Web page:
Saatchi boss flies in to push fee shake-up

Kevin Roberts, the globetrotting, hyper-active worldwide chief executive of Saatchi & Saatchi jets into London this week to deliver what is expected to be an improved set of financial results for the company.

Since Roberts became boss of the agency network two years ago, following the low-point of the forced departure of brothers Maurice and Charles, Saatchi’s fortunes have greatly improved. It is the world’s tenth largest and has won more worldwide business from Procter & Gamble, including Oil of Ulay and Head & Shoulders in the US, Sunny Delight in the UK, and Safeguard and Physique in the US and Latin America. It has also netted the Toyota Yaris account across Europe and new work in Poland and France. Together the two clients make up one third of the network’s business. City forecasts suggest pre-tax profits will jump from 23.5m in 1997 to 29m for 1998.

If Roberts has his way, the City will soon have to re-examine how it makes these forecasts. He is pushing his clients to pay the agency by results, rather than through commission on billings or an agreed fee. Later this year, P&G will start testing new methods of remunerating its agencies, trying out a mixture of fees or commissions with a performance-related element on seven of its brands. It refuses to divulge which brands, but two that Saatchi works on are understood to be among them.

Roberts says: “The tests will be implemented later in 1999, and we need a more accountable system. We are actively speaking to all our clients about incorporating a performance element, looking at market share, value share or sales volume. A performance-related element is the only way to ensure media neutrality.”

The aim of the P&G tests will be to see how incentives can be created favouring alternatives to television campaigns. Roberts says he will suggest a performance-based scheme to other clients, adding that there should be no cap on the amount an agency earns for top-performing brands. It seems a high-risk strategy, as the agency’s profits will depend more on outside factors such as distribution and sales than on how much the client spends.

Roberts’ plan, if it catches on, could thrust the whole advertising industry into a period of uncertainty, leading to a situation where more money can be made from a small-spending, but successful, client than from a high-spending brand that performs poorly.

Explaining Saatchi’s improved performance to sober City analysts will seem a doddle after the political storm that engulfed him in his adopted home of New Zealand (MW March 4).

Late last August, Roberts dined with New Zealand’s Prime Minister Jenny Shipley. What the two discussed has become the subject of a heated debate in New Zealand, as the opposition Alliance and Labour parties have tried to portray a conflict of interest between the two.

Saatchi had just won the New Zealand tourism account (MW 16 July 1998), which was already mired in controversy after the departure of four of its top executives. Shipley’s critics say this dinner was an attempt by Roberts to put pressure on the PM to bring about a rise in the budget – a few months later, the budget was duly raised by NZ$12.5m (4.3m) on top of the existing NZ$30m (10.2m). But there is little evidence to link this increase to the dinner-table conversation. The affair has been dubbed “Dinnergate” and the New Zealand media have talked of little else over the past three weeks.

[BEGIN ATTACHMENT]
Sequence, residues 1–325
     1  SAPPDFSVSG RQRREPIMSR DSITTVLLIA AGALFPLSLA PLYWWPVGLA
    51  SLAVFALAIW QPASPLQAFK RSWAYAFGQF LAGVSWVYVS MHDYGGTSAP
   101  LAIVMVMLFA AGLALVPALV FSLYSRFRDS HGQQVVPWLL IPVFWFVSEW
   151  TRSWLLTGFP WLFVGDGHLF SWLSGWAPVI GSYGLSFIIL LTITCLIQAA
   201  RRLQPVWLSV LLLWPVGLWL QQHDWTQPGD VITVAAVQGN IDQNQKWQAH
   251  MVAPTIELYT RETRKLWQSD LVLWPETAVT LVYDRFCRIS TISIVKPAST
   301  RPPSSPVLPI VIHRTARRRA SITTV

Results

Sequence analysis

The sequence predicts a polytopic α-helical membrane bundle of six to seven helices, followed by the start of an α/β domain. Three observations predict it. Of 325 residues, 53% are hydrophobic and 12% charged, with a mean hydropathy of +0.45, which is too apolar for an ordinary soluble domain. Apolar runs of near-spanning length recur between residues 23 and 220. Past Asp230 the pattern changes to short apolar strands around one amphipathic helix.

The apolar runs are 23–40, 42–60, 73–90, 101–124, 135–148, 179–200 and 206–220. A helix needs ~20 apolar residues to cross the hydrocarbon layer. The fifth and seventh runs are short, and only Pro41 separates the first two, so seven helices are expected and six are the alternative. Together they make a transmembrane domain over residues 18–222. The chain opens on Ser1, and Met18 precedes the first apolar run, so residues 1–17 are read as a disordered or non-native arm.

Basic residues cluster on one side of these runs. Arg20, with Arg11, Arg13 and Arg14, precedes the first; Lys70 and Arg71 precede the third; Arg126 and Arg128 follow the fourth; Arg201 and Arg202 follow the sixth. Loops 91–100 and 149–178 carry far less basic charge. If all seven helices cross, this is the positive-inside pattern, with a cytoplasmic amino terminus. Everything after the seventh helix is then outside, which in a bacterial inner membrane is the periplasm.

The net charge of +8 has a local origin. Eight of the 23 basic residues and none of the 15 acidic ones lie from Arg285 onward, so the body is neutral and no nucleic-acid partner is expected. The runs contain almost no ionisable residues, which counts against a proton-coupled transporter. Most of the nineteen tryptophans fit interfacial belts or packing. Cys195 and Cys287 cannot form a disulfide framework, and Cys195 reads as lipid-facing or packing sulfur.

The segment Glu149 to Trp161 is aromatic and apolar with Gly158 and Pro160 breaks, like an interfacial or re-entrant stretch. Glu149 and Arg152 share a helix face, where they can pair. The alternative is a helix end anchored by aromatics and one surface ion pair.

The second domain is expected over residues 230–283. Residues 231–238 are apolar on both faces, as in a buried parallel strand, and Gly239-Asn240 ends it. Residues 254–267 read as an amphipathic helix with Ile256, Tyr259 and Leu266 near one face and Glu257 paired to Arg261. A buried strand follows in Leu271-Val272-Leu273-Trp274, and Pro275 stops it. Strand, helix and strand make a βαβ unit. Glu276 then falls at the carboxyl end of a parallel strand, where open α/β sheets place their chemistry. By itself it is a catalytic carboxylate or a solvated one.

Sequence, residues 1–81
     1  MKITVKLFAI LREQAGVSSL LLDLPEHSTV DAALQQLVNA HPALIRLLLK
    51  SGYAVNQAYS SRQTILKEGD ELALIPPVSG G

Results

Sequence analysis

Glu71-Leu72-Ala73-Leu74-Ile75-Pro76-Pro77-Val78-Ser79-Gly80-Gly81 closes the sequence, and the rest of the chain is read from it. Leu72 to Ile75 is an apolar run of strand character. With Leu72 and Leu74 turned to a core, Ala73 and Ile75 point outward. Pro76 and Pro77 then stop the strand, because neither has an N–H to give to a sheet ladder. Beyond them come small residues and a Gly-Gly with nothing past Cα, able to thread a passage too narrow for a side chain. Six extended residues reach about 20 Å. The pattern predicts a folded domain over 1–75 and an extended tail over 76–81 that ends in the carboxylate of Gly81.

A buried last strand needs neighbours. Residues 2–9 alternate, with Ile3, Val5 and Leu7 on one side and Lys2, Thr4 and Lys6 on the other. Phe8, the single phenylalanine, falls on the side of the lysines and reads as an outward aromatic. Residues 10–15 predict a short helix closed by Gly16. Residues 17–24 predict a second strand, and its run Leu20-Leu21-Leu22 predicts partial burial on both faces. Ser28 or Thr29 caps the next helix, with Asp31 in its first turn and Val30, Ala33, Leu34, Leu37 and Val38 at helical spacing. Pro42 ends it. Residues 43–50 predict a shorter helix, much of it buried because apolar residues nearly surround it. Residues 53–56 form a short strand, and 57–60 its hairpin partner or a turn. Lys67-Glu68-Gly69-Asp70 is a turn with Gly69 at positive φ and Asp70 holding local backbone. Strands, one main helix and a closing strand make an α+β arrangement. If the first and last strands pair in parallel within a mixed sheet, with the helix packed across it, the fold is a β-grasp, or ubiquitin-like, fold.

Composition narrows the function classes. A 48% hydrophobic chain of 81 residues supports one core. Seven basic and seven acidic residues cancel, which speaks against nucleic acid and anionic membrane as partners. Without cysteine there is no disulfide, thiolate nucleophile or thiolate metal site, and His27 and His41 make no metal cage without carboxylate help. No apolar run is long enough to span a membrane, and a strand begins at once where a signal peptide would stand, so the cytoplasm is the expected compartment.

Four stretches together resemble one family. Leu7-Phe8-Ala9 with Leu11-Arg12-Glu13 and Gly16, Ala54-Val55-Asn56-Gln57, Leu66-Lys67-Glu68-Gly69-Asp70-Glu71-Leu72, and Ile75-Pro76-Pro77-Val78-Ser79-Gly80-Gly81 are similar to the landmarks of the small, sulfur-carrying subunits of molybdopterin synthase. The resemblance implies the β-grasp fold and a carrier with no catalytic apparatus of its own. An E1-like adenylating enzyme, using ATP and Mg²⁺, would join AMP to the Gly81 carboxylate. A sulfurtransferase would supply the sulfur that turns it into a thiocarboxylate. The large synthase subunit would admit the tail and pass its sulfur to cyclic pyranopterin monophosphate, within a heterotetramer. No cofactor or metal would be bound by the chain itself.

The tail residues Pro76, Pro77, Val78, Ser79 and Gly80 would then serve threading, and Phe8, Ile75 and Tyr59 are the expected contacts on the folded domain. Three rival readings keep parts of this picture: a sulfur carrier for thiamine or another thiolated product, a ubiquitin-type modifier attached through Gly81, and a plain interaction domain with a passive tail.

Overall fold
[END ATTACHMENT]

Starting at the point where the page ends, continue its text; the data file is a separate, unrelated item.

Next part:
It was after another dinner date two years ago that Roberts became international boss of Saatchi. He met former Saatchi chief Ed Wax over dinner while visiting New York to buy a loft apartment in the city. Roberts was working for New Zealand brewer Lion Nathan and was looking for a way out of the business which he complained had become obsessed with cost-cutting and short-term profits. Wax complained that he had had enough of spending all his time on planes and was looking for a replacement.

Some insiders say Wax asked P&G for its approval in hiring Roberts. “When Kevin was chosen as worldwide chief executive, Saatchi volunteered his name to P&G for approval. If it had objected violently he would not have got the job. And it has worked for us. Since 1997 we have had 100m of extra P&G business and this is down to Kevin,” says one insider.

There was little doubt P&G would warm to Roberts – he was one of its own, having worked for the company for seven years in the Middle East and Africa. But Roberts denies P&G can hire or fire a Saatchi boss. Either way, it reflects the power wielded by the world’s biggest advertiser, and the fact that Roberts is so close to the client has important implications for the way Saatchi, and many other agencies, do business.

Payment by result may be fine for some of Saatchi’s brands – the launch of Sunny Delight across Europe has been deemed a success. But launching a product is very different to increasing sales for a well-established brand such as Tampax. Roberts’ close links with P&G – for whom he is Saatchi’s worldwide account director – has helped bring in new business from the world’s biggest advertiser, but championing payment by results – in line with current thinking at P&G – requires a strong belief in the ability of the agency to deliver.

The coming year will test Roberts’ faith in performance pay as the results of the P&G tests become clear. If the results are positive, Roberts will be in a stronger position to persuade other clients to follow suit.

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